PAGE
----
Friday, May 07, 2010

"For profit" college does well

American Public Education Inc.'s (APEI) first-quarter profit rose by nearly half as enrollment continued to soar, and the company raised the high end of its full-year earnings forecast.

The for-profit college now expects earnings to grow by 36% to 39%, up from its previous view of 36% to 37%. American Public still anticipates revenue growth of 36% to 39%.

American Public, like other colleges, has benefited from the economic downturn as more adults return to school to beef up their resumes. The company, parent of online-only American Military University and American Public University, has also grown from word-of-mouth referrals within tight-knit military circles, to which it appeals with course offerings like intelligence and homeland security. More than half of the company's revenue in the most recent period was derived from students who received Department of Defense tuition assistance.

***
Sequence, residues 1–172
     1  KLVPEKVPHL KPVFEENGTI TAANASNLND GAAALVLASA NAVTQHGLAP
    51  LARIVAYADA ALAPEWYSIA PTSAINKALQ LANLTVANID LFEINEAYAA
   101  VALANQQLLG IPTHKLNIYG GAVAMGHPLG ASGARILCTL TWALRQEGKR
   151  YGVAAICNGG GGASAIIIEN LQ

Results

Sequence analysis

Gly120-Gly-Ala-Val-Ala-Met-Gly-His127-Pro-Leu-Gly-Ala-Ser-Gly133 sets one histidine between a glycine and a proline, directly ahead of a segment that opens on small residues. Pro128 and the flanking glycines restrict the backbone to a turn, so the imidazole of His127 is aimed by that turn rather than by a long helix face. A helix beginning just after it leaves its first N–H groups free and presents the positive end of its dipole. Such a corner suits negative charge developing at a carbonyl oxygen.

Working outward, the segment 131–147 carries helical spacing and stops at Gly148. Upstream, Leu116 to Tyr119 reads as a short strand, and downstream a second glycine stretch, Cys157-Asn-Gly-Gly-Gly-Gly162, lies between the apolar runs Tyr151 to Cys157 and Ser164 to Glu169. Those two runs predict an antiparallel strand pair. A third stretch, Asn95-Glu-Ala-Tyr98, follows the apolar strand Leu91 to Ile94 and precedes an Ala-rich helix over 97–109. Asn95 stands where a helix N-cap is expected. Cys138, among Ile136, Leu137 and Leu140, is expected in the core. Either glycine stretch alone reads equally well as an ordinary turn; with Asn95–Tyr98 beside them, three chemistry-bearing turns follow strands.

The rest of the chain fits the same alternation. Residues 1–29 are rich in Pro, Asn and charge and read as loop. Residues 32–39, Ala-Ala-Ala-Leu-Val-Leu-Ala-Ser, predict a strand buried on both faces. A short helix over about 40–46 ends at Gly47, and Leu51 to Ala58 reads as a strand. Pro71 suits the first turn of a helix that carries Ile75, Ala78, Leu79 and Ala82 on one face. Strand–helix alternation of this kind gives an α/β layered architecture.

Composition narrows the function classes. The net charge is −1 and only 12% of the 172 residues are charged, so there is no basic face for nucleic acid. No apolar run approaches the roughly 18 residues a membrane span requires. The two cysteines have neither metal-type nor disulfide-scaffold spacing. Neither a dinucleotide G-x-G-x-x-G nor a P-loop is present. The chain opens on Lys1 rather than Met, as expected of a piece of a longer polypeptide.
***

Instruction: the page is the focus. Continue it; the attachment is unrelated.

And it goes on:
For the most recent quarter, American Public reported a profit of $7.65 million, or 40 cents a share, up from $5.24 million, or 28 cents a share, a year earlier. Revenue jumped 43% to $47.3 million. Analysts polled by Thomson Reuters expected per-share earnings of 38 cents and revenue of $46 million. Operating margin edged up to 27.8% from 26.3%.

Net course registrations climbed 39% from a year earlier to 64,900, with new student registrations up 26%. Enrollment rose 42% to 70,600 as of March 31.

American Public expects net course registrations to increase 35% to 38% for the full year. The company said in a filing with the Securities and Exchange Commission that it expects seasonal fluctuations to become more pronounced as overall growth begins to decline, which could affect overall operational results.